Friday, June 12, 2020 / 01:33 PM / by FDC Ltd / Header Image Credit: FDC
Based on our market survey and regression analysis, headline inflation for the month of May is projected to increase by 0.13% to 12.47%. However, monthly inflation, a more reflective measure of current prices, is likely to spike by 0.21% to 1.22% (annualized at 15.73%). Contrary to consensus expectations that prices will fall as output increases with a partial relaxation of the lockdown, commodity prices surprisingly surged. This was partly due to the combined effects of supply chain disruptions, planting season, higher logistics costs and exchange rate pass through.
Surge in the retail price of commodities that are price inelastic
We noticed a surge in the retail prices of commodities such as tomatoes, pepper and onions, that are relatively price inelastic. The price surge was primarily due to the planting season effect and higher logistics costs.
Higher logistics costs: A major recipe for price differential
In recent times, the reduction in the number of passengers that buses can carry has forced an abnormal spike in transportation fares. This has resulted in price differential between the markets. The farther the markets are from the production points, the higher the chances of been impacted by rising logistics costs. On the average, commodity prices are approximately 15% higher in Sura market than Oyingbo.
Lower petrol price failed to translate to higher aggregate demand
Many analysts had anticipated an increase in aggregate demand due to the 14.83% reduction in the pump price of PMS. The impact of this was however muted by the sharp fall in consumers' disposable income due to the covid-induced economic paralysis.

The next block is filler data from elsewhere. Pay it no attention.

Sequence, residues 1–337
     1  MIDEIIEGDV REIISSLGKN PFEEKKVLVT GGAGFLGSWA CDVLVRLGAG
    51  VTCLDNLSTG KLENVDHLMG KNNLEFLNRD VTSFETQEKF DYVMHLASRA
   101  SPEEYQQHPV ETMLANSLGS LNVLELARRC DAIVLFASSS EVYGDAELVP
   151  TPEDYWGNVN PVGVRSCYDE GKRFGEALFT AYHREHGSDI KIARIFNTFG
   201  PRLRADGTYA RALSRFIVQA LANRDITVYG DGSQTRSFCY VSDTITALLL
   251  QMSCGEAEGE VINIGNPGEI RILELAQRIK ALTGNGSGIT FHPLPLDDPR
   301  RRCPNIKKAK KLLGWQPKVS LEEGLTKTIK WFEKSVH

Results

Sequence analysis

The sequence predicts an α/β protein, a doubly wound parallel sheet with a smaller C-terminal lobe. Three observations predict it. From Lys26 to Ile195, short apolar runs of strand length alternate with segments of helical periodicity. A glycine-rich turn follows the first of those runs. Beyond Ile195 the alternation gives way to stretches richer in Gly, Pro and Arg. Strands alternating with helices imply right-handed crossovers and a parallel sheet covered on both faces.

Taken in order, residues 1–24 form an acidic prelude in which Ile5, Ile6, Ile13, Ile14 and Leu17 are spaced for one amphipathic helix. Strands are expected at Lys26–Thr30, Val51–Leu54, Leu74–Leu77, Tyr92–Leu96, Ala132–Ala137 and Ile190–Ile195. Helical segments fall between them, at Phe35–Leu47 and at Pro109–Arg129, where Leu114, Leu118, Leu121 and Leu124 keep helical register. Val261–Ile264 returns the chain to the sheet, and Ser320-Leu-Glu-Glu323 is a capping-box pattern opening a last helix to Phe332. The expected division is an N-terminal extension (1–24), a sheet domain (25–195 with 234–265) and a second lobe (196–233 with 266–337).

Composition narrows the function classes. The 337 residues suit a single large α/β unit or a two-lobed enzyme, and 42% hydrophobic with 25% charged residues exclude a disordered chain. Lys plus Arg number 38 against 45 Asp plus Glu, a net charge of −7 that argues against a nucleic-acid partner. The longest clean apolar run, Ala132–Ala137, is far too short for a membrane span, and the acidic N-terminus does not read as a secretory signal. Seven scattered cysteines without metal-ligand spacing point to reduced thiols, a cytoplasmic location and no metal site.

Commodity prices remained high in spite of a fall in disposable income
A fallout of the Covid-19 pandemic and the lockdown measures was a significant loss in jobs and a drop in aggregate disposable income. According to the NBS, the Covid impact monitoring report, 42% of the respondents have lost their jobs due to the Covid-induced economic crisis while 79% confirmed that their disposable income has fallen. In reality, this is expected to translate to lower aggregate demand as well as a shift in the consumption pattern. Although, it is believed that lower aggregate demand will lead to a fall in commodity prices, the supply-side shocks triggered an increase.
Impact on consumers
Lower purchasing power and living standards
As inflation rises, the cost of living increases. This, at a time when aggregate disposable income is falling, implies that consumers' purchasing power as well as standard of living will reduce, especially for low-income earners.
Reduction in private savings
Higher inflation points to a possible reduction in private savings. This is because a larger proportion of consumers' income will be spent on necessities such as food. Also, rising inflation discourages savings as the real value of money saved declines.
Impact on policy makers and businesses
At the last MPC meeting, the monetary policy rate was reduced by 100bps to 12.5%p.a, citing the need to strike a balance between price stability and output recovery. The continued rise in inflationary pressures increases the chances of a rate hike at the next meeting. Higher interest rates will increase borrowing costs and slow down the rate of domestic investment. However, foreign portfolio investments are likely to rise as interest rates increases. This will provide some support for the country's external reserves as well as the exchange rate.
Peer Comparison - Mixed movement in Inflation - 4 Reds, 3 Greens
Three of the Sub-Saharan Africa (SSA) countries under our review have released their inflation numbers for the month of May. While Kenya and Uganda recorded a decline, Zambia posted an increase. The primary driver of the inflationary trend across the SSA countries has been the food price movement alongside currency adjustments.
Nigeria, like most other SSA countries reduced its benchmark interest rates by 100bps to 12.5%p.a. at its last meeting. This however is just a signaling move as the last rate cut in March had a muted impact on the market.
Headline inflation will most likely continue its upward trajectory in the coming months mainly due to supply constraints. This will be compounded by the new electricity tariffs, which is expected to kick-in on July 1. The fall in aggregate demand could however slowdown the rate of increase.